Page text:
11. 11. Table 2: Summary Statistics II Variable Obs Mean Std. Dev. Min MaxIndependent variable Foreign-owned customer 864 0.203 0.402 0 1 JV customer 864 0.161 0.368 0 1 Capital tie with customer 864 0.406 0.491 0 1 SME customer 864 0.473 0.500 0 1 Ship a few times in a day 864 0.113 0.317 0 1 Ship once in a day 864 0.141 0.348 0 1 Ship a few times in a week 864 0.328 0.470 0 1 Ship once in a week 864 0.176 0.381 0 1 Ship once in a month 864 0.093 0.290 0 1 JIT with customer 864 0.553 0.497 0 1 Dispatch engineer to customer 864 0.541 0.499 0 1 Customer dispatches engineer 864 0.432 0.496 0 1 Customer dispatches trainer 864 0.319 0.467 0 1 Customer dispatches trainee 864 0.242 0.428 0 1 R&D 864 0.501 0.500 0 1 OJT 864 0.590 0.492 0 1 OFF-JT 864 0.465 0.499 0 1 Top has master/Ph.D. 864 0.284 0.451 0 1 Top is engineer 864 0.578 0.494 0 1 Top is MNC-experienced 864 0.459 0.499 0 1 0-20% of engineers 864 0.219 0.414 0 1 20-40% of engineers 864 0.066 0.248 0 1 40-60% of engineers 864 0.063 0.242 0 1 60-80% of engineers 864 0.168 0.374 0 1 80-100% of engineers 864 0.332 0.471 0 1 Age 833 16.796 13.922 0 181Source: ERIA Establishment Survey 2009. 11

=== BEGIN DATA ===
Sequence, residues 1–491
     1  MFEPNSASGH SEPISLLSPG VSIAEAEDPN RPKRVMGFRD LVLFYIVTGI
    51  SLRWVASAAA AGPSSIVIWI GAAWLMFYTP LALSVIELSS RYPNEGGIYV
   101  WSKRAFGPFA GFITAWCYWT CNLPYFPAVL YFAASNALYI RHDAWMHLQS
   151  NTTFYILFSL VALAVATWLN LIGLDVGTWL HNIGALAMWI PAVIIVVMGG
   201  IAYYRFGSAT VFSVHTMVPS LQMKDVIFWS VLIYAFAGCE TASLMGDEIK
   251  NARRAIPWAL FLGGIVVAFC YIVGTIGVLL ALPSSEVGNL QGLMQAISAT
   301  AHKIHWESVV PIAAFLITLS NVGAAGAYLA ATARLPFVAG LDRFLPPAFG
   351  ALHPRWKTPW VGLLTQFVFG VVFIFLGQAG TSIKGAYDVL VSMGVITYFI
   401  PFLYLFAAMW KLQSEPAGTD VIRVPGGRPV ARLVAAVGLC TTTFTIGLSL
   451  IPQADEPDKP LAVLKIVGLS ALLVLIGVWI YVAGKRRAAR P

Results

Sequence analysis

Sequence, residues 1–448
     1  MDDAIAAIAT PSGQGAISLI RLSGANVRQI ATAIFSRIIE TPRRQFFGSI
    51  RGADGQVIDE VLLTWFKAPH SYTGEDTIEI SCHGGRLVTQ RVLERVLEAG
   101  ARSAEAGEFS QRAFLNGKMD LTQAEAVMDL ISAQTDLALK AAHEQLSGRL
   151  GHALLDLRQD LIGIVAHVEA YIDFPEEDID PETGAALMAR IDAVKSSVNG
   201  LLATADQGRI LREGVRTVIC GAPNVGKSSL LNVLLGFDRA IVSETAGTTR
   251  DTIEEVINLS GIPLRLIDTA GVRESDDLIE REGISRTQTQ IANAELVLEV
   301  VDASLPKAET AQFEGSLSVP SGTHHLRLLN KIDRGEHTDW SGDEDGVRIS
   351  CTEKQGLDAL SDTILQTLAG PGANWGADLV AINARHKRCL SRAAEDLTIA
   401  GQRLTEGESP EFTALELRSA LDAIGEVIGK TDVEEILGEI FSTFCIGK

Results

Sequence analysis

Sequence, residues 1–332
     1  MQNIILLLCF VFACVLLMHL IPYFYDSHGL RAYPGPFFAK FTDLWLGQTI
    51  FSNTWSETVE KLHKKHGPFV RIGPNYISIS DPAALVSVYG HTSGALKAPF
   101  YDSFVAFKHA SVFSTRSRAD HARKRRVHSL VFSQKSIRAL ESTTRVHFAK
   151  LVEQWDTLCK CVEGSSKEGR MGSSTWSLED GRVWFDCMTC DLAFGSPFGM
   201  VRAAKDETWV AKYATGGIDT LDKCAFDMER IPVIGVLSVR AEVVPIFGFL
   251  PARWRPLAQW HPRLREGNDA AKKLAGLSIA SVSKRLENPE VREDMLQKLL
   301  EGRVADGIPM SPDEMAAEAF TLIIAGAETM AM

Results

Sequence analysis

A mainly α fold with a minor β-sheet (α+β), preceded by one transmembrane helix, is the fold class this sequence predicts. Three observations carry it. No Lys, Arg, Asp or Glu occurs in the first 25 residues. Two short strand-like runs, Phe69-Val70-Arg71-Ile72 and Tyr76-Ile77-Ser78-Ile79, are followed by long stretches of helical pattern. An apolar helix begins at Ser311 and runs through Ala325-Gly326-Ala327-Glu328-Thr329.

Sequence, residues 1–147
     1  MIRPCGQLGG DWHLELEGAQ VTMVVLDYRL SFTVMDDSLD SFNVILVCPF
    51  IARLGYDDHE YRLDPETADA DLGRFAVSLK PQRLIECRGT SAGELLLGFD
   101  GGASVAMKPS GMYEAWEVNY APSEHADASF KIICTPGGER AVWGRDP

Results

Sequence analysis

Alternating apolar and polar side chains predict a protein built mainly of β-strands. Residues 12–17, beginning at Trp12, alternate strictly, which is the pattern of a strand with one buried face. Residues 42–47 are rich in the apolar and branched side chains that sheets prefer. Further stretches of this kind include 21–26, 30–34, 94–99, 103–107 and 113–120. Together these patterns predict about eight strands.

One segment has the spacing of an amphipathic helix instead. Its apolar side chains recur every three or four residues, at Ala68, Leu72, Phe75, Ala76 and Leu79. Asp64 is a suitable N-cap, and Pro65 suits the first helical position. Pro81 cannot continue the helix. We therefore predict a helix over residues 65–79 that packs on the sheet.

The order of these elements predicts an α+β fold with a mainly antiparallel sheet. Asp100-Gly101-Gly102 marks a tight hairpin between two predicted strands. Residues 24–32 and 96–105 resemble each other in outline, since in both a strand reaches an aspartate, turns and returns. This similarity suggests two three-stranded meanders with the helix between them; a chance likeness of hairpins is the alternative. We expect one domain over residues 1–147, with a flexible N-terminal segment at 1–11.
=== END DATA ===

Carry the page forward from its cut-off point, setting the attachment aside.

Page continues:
12. 12. Table 3: Adoption of International Standards MNC/JV Local Large SME Percent (1) Percent (2) diff Percent (1) Percent (2) diffCustomer required the adoption 60.5% 35.0% (***) 54.2% 37.1% (***)Adoption of international standards 70.5% 40.7% (***) 67.9% 40.4% (***)Observations 281 583 312 552Adoption of international standards Upon customers request 81.8% 57.4% (***) 79.3% 59.5% (***) No. of Observations 170 204 169 205 Voluntarily 53.2% 31.7% (***) 54.5% 29.1% (***) No. of Observations 111 379 143 347Notes: diff=Percent(1)-Percent(2), H0: diff=0. (***) indicates H0 (Ha: diff>0) are significant at 1% level.Source: ERIA Establishment Survey 2009.Table 4: Adoption of International Standards and Performances Adopted Not Adopted Adopted Not requested Requested Percent (1) Percent (2) diff Percent (1) Percent (2) diff Customer required the adoption 27.5% 58.9% ***(1) Decrease defective goods 67.6% 77.7% *** 72.6% 81.3% **(2) Decrease inventories 50.8% 65.1% *** 69.8% 61.7% (**)(3) Decrease raw materials 41.0% 60.0% *** 59.2% 60.5%(4) Reduce labor input 30.8% 36.1% ** 31.8% 39.1% *(5) Improve quality of goods 81.8% 85.7% * 83.2% 87.5%(6) Improve flexibility of production 68.8% 81.6% *** 79.3% 83.2%(7) Reduce lead-time 42.0% 58.6% *** 62.0% 56.3%(8) Enter/Increase domestic market 52.9% 68.3% *** 70.4% 66.8%(9) Enter/Increase foreign market 23.5% 46.2% *** 49.2% 44.1%(10) Reduce environmental impacts 50.6% 71.7% *** 67.0% 75.0% **(11) Meet regulatory requirements 0.7% 0.9% *** 87.7% 92.2% *(12) Number of outcomes 5.8 7.4 *** 7.3 7.5 Observations 429 435 179 256 Increase profit 3.2 3.5 *** 3.7 3.3 (***) Observations 419 430 179 256Notes: diff=Percent(1)-Percent(2), H0: diff=0. ***, **,* indicate H0 (Ha: diff<0) are significant at 1%, 5%,10% level respectively. (***), (**) indicate H0 (Ha: diff>0) are significant at 1% and 5% level respectively.Source: ERIA Establishment Survey 2009. 12